Heading for the gurgler
The species Homo sapiens is thought to have been in existence for around 300,000 years. During the past 200 years, which is about 0.07 % of this time, there has been a massive growth in the human population, and an even more explosive increase in energy use and waste production by humankind, with ever-increasing impacts on the ecosystems of our planet. Climate change is at present the most critical issue, but there are many other anthropogenic threats to the sustainability of the living systems that underpin our existence. If present trends continue unabated, the collapse of civilisation is inevitable.
Biosensitivity – A way forward
The only hope for our future lies in a radical cultural and social transformation, leading to a different kind of society – a society that is truly in harmony with the processes of life within us and around us. I refer to such a society as a Biosensitive Society, and to the cultural transformation as the Biorenaissance .
In a biosensitive society, human activities will be on a scale and of a kind that promote health and wellbeing in all sections of the human population as well as in the ecosystems on which we depend. Biosensitivity will be a guiding principle in all spheres of human endeavour.
The first essential step in the transition will be a wave of new understanding sweeping across the culture of the world – understanding of the story of life on Earth and the human place in nature. I refer to this kind of understanding as Biounderstanding, and to the story life on Earth as the Bionarrative.
The bionarrative is of overarching significance for every one of us and for society as a whole. Yet it is known and understood by only a minority of the population. If it were understood by the majority, the prospects for humanity would be much brighter.
Shared biounderstanding will lead to a new biosensitive culture and worldview. It will be a worldview that:
– holds profound respect for the processes of life that gave rise to us and on which we are totally dependent
– perceives the achievement of harmony with nature as supremely important – to be given the highest priority in human affairs and placed right at the top of political and social agenda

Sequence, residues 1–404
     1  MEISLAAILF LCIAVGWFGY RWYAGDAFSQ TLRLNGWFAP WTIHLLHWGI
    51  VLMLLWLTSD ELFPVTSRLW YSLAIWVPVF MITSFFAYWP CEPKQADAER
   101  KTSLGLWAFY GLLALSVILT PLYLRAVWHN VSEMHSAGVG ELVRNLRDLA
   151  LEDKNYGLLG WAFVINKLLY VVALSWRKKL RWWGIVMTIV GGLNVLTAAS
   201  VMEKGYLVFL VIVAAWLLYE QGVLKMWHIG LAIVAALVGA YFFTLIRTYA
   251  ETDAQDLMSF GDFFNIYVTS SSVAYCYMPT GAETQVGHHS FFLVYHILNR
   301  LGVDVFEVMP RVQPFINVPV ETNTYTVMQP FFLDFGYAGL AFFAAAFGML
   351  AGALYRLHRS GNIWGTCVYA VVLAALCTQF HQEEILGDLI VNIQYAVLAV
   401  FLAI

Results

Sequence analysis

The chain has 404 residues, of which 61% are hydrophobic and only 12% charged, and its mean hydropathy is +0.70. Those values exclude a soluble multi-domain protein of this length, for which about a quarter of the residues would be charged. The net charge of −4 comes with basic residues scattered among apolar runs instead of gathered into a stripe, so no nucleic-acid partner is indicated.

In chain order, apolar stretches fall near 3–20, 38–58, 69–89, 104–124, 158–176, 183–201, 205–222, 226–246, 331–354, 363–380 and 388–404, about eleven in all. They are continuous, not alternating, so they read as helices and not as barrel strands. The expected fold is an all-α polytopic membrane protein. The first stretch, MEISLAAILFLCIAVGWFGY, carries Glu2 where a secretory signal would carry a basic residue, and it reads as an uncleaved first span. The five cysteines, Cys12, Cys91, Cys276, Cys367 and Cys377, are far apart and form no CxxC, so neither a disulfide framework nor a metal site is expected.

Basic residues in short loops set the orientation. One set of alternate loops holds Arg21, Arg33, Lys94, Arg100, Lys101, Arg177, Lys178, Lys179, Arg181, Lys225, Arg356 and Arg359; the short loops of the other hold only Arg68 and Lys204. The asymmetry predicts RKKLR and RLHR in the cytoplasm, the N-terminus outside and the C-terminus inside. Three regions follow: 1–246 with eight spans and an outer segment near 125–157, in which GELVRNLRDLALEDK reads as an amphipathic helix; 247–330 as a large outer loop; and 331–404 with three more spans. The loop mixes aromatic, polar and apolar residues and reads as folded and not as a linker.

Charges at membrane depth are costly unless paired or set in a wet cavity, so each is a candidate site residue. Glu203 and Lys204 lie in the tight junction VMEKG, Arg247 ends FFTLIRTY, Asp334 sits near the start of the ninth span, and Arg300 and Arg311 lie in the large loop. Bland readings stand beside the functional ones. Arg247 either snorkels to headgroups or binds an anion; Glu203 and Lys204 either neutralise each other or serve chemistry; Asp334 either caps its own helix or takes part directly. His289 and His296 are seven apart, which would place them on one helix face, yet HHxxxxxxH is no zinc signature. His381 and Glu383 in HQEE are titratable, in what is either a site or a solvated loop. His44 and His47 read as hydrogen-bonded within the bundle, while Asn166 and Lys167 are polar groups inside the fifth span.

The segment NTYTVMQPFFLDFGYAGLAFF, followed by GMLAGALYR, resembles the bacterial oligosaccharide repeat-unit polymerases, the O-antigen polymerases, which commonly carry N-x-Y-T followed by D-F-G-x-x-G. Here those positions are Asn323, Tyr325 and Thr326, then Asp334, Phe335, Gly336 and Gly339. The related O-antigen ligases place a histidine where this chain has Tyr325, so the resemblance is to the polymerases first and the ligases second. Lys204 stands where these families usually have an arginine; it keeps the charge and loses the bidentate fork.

– harbours a vision of a society of the future that is sensitive to, in tune with and respectful of the processes of life
This biosensitive worldview will be by far the most significant difference between our current society and healthy and ecologically sustainable societies of the future. It is a necessary precondition for the social changes that will be necessary to achieve biosensitivity, and therefore for the survival of civilisation
The new understanding and worldview will generate a global reform movement, leading eventually to the achievement of biosensitivity worldwide (see below). It will mean healthy people on a healthy planet.
For those of us who share the views expressed above, the crucial challenge today is to join forces and do all we possibly can to bring about the wave of new biounderstanding across the cultures of the world.
 I define Biorenaissance as the cultural and social transition to a society that is in harmony with, and respectful of the processes of life on which we depend. The term is appropriate because many hunter-gatherer and early farming cultures in the past embraced a deep respect for the living world, based on appreciation that we humans are living beings, part of nature, and completely dependent on other forms of life for our wellbeing and survival. This term Biosensitive is introduced because there is a need for a single word to describe a society with these characteristics. The expression ‘ecologically sustainable’ is widely used these days. Of course, society must be ecologically sustainable – otherwise in the long term it cannot continue to exist. But ecological sustainability is surely the bottom line. We must aim for a society that is not only sustainable, but that also positively promotes health and wellbeing in all sections of the human population, as well as in the living systems of the biosphere.
 The bioperspective also has meaning for many aspects of the human condition other than ecological sustainability and human health. For example, it highlights the gross insanity of warfare and the manufacture of weapons of mass destruction, and it throws a different light on the never-ending conflicts, sometimes deadly, between people of different political or religious persuasions.